I can locate all of the planets other than Uranus and Neptune. This is mainly because they are very dim and I live where there is just enough light pollution so that I can't spot them. I have a Gysker 70mm telescope and a camera able to take detailed pictures of most of the planets. The only problem I have run into is the fact that I can't always locate what I am looking for. How do I locate Uranus and Neptune? How can I tell them apart from other stars that might look similar to a deep blue sphere?

  • $\begingroup$ Why do people keep downvoting me for no reason? I'm looking for comments and answers. Please don't downvote. $\endgroup$
    – Oscar
    Apr 13, 2022 at 15:39
  • $\begingroup$ Under high enoug magnification, they will have an obvious visible size. You can use astrometry.net to plate solve the image to see if you're in the right area. $\endgroup$ Apr 13, 2022 at 15:45
  • $\begingroup$ This turned out to be helpful. Thank you. $\endgroup$
    – Oscar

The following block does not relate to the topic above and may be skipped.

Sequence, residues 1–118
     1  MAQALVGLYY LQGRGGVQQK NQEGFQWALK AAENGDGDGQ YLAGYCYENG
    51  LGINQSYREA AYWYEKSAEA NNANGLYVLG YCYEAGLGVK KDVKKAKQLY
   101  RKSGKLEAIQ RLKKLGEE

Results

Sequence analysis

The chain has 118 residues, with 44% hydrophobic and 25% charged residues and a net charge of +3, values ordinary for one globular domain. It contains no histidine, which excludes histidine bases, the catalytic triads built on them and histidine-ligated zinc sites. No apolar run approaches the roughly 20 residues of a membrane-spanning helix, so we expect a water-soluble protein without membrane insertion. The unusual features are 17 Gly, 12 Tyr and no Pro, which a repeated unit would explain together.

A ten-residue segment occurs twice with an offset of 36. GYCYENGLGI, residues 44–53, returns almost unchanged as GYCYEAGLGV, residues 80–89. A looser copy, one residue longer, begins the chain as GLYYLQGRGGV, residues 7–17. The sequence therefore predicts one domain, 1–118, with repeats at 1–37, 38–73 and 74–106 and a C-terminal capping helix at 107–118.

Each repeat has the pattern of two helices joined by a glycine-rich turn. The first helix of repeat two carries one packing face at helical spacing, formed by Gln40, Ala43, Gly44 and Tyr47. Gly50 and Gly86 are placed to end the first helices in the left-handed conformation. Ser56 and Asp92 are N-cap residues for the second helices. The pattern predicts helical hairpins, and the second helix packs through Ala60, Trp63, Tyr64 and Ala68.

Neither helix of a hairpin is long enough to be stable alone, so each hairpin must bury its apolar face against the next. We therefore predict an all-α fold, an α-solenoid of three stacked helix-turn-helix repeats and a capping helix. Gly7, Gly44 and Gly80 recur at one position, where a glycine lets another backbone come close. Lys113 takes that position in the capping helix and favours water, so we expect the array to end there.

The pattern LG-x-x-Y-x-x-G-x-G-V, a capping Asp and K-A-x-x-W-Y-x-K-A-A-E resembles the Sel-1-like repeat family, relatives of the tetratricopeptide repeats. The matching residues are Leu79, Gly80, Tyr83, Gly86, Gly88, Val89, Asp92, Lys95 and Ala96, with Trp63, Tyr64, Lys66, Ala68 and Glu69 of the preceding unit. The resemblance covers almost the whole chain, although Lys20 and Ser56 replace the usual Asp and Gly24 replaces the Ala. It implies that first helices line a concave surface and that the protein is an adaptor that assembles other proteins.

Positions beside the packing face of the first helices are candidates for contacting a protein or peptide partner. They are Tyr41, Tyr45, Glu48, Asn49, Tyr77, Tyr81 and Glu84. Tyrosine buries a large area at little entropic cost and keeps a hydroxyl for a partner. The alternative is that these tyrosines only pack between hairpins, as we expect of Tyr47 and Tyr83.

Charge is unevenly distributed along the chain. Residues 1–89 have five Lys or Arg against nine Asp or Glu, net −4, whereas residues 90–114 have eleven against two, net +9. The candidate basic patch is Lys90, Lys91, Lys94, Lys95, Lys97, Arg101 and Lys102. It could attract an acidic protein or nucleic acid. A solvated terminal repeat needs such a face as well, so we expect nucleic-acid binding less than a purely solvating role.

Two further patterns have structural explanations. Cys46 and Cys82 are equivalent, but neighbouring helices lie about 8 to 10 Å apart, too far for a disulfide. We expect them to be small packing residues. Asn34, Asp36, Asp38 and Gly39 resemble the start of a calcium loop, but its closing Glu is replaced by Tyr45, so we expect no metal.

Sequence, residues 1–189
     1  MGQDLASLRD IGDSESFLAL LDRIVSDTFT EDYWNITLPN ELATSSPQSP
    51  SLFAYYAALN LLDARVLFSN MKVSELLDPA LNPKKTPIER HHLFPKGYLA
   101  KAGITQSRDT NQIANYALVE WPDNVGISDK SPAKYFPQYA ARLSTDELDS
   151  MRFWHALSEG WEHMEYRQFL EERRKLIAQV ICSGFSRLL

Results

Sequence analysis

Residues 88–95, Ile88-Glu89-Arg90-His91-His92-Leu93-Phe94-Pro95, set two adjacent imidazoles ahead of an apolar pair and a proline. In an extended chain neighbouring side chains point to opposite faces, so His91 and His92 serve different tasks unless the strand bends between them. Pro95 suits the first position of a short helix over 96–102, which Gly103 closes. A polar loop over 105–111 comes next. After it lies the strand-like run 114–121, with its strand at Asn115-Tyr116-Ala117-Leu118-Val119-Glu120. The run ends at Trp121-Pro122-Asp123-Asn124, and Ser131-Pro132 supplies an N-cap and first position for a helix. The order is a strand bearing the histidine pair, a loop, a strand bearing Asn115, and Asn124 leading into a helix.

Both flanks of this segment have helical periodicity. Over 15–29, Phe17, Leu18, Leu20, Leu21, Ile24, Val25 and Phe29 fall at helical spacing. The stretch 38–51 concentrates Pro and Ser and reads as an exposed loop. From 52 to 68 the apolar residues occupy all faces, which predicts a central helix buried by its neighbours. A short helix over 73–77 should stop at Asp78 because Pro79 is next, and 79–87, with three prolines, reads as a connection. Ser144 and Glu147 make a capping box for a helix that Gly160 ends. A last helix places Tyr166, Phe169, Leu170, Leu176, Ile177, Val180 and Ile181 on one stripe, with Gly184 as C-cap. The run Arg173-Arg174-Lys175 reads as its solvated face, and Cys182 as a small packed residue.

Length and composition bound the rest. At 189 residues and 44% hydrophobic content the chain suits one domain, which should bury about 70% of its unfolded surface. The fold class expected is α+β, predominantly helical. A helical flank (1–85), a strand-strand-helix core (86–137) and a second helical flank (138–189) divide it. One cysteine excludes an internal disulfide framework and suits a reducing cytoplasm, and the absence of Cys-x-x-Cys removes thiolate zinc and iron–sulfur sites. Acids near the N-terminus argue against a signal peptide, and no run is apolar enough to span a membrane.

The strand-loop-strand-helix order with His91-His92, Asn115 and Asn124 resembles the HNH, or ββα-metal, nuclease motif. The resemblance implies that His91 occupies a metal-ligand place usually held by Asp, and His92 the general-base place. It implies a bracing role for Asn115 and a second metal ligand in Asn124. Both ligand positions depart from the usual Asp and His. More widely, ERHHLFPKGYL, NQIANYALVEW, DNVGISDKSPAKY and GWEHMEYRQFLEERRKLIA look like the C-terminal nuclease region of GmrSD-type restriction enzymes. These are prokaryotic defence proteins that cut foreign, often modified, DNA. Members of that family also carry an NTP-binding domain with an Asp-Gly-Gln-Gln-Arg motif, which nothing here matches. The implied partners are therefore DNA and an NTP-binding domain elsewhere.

Apr 13, 2022 at 15:57
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    $\begingroup$ Right now both are on the wrong side of the sun, so you can't see them. Wait six months! $\endgroup$
    – James K
    Apr 13, 2022 at 17:09

1 Answer 1


Right now you won't. Both are on the "wrong" side of the sun and so not easily observable from Earth. At the moment (early 2020s) they are in the constellation of Aries and Pices which are visible in the northern hemisphere fall.

Both Uranus and Neptune are below naked eye visibility. To photograph them you need to use software (such as stellarium) or a star chart and an ephemeris to predict their position, then you can print out a finder chart and use that to locate the planet.

Be aware, that with your kind of equipment you have an absolute limit of of about 2 arcsecond resolution. Uranus has a maximum size of 3.7 arcseconds (perhaps just enough to present as a very small disc) and Neptune has a size of 2.2 arcseconds (it will appear starlike)

You can confirm that you have located the planet by observing it on several nights. The planet will notably move across the background of stars if viewed over a few weeks.

You can use astrometry.net to identify stars in your photographs, and so distinguish planets from stars.

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    $\begingroup$ “The planet will notably move across the background of stars if viewed over a few weeks.” Hence the name “planet” (planḗtēs, “wanderer”). $\endgroup$ Apr 14, 2022 at 21:05

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